Sphero provides a few apps to demonstrate the basic functionalities of the sphero. The main app, Sphero Drive, simply allows the user to drive the sphero around. Here you won’t find any steering wheels or throttle nonsense – just a circle with a little sphero-shaped control in it. This eliminates the confusion that often comes when you’re driving a device towards you. With a steering wheel, it ends up becoming reversed, but with this interface, it’s not a problem. Put two fingers on the screen and rotate them, and you’ll see a blue dot on the sphero. Point it right towards yourself, then pushing the sphero in the app forward will cause the sphero to roll forward. Pushing it right will make it roll right. It’s as simple as that.

Apps

At the moment, Sphero has been releasing many different apps. One of them is the standard “Sphero Drive” application that I was mentioning up there. Others like Chromo use the sphero as a controller, and one app allows the user to play golf with it. At the moment, there are many different applications being developed and there’s always new ones available. Conclusion The Sphero is available from both Sphero’s website and now many brookstone stores for $130. I will say, that it is not a cheap toy – but think of it as a console, where there’s always new games out that you can buy. If you’re a developer, you can use Sphero’s open API to integrate it into your applications for free. Check out the sphero website for available apps, purchasing the Sphero, and using their free API. http://gosphero.com

P.S. Thank you Sphero for sending me the finished product!

CES: The Progress of 3D

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One of the biggest things at CES last year was definitely 3D. 3D TVs, 3D tablets, 3D Projectors. But there were a few reasons that I hated them.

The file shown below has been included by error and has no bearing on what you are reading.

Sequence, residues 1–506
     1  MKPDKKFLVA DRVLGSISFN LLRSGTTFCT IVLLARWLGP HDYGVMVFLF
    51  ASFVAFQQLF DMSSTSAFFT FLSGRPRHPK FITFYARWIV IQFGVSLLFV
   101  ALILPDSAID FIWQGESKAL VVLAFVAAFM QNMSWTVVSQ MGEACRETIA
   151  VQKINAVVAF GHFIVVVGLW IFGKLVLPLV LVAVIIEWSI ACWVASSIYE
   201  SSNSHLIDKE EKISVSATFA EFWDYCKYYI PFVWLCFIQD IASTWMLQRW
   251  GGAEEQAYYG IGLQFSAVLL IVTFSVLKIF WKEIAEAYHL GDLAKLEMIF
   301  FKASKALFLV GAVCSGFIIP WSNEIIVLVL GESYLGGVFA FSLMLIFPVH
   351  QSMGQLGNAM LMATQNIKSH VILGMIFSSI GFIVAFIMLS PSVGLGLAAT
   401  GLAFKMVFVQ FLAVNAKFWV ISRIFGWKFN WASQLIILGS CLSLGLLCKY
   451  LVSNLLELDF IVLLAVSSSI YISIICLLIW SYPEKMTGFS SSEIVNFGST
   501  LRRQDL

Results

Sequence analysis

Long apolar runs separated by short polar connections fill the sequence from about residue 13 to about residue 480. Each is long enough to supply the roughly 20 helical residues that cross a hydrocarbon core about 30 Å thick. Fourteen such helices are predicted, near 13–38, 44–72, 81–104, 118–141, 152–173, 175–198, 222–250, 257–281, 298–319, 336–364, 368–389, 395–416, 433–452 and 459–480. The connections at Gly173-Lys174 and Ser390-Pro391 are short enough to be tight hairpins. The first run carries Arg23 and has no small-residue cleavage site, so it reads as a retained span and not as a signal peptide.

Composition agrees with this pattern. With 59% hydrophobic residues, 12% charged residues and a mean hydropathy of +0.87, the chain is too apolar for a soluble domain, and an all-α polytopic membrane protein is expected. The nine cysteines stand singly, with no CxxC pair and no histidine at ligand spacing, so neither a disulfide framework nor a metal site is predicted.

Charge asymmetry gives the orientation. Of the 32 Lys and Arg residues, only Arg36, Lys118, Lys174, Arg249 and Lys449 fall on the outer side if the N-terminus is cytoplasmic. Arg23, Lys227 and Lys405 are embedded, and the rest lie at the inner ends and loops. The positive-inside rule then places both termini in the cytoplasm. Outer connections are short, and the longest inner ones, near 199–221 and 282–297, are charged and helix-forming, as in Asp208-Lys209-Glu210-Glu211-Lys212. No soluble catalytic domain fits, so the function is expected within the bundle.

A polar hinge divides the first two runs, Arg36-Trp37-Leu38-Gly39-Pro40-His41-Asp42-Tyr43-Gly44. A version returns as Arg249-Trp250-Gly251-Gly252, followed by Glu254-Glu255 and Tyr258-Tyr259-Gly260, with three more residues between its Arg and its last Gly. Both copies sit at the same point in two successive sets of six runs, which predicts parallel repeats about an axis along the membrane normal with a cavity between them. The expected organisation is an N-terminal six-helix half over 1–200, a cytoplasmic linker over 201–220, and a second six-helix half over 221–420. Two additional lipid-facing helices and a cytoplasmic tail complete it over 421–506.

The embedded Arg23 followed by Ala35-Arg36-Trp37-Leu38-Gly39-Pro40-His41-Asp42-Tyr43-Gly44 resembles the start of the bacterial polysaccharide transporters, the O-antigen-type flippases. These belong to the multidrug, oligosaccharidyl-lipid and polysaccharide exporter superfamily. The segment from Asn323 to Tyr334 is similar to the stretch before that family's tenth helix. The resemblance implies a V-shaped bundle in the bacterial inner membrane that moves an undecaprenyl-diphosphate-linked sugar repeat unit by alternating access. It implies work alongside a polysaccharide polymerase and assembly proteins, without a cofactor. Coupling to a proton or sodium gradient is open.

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First of all, you had to wear Active 3D glasses. These basically flicker each lens so fast that you can’t see, and it does it in rhythm with the TV. That’s how you could see two different images in each eye, giving you that 3D effect. As you can see, they tended to be a bit ridiculous. They were bulky and giant, needed to be charged, and were extremely expensive to replace. They also darkened the screen you were looking at quite a bit.

The other issue with 3D was that the colors were degraded. The saturation and contrast was reduced, and you give up everything in picture quality just to get that 3D effect. Basically, you were trading the convenience of TV just so you could get two pictures simultaneously.

This year, things have changed.

Exhibit A would be LG. They have created an amazing 3D smart TV that uses passive 3D glasses. These are the same glasses that you wear in a movie theatre, and are just plastic lenses that aren’t electronic at all. In fact, LG had a giant wall of these 3D TVs playing an awesome sequence of 3D footage. They were handing out tons of 3D glasses, because each one costs less than $0.05 to manufacture in China. You can keep it, break it, or lose it, and it won’t be a disaster.

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Another benefit of passive 3D glasses is that you lose the bulk.

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These are very light and thin glasses. In fact, some people even call them stylish – you may see people walking around in these glasses with the 3D plastic lenses popped out.

The nice thing about these new TVs is that you still have that beautiful color contrast and saturation that high-end TVs are known for. The brightness is still a bit reduced, but it’s nowhere near as bad as it was last year.

3D still has a ways to go – the need to wear glasses in general is a bit annoying, and the screens that don’t require 3D glasses (called autostereoscopy) are absolutely awful and disgusting. But the progress is obvious, and it seems like 3D is going from a stupid gimmick that was awfully executed to something that you might actually be able to enjoy in your living room.

CES Coverage!

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I’m happy to report that over the next three days I will be covering my favorite parts of CES 2012! The space is big, the crowd is bigger, and there’s more to see than one person could ever possibly capture, but I’ll be bringing my favorite parts of CES to all of you here!

If you’re at CES and see me, feel free to come and say hi!